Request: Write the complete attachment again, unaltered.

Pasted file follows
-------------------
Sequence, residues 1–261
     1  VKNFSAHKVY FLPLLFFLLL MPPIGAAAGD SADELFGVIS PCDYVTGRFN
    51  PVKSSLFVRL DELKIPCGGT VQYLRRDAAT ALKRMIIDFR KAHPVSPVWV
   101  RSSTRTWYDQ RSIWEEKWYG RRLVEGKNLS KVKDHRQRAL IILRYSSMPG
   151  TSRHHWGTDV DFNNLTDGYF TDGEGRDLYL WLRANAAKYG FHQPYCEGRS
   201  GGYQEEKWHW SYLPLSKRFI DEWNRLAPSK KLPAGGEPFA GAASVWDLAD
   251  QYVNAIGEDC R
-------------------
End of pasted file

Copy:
Sequence, residues 1–261
     1  VKNFSAHKVY FLPLLFFLLL MPPIGAAAGD SADELFGVIS PCDYVTGRFN
    51  PVKSSLFVRL DELKIPCGGT VQYLRRDAAT ALKRMIIDFR KAHPVSPVWV
   101  RSSTRTWYDQ RSIWEEKWYG RRLVEGKNLS KVKDHRQRAL IILRYSSMPG
   151  TSRHHWGTDV DFNNLTDGYF TDGEGRDLYL WLRANAAKYG FHQPYCEGRS
   201  GGYQEEKWHW SYLPLSKRFI DEWNRLAPSK KLPAGGEPFA GAASVWDLAD
   251  QYVNAIGEDC R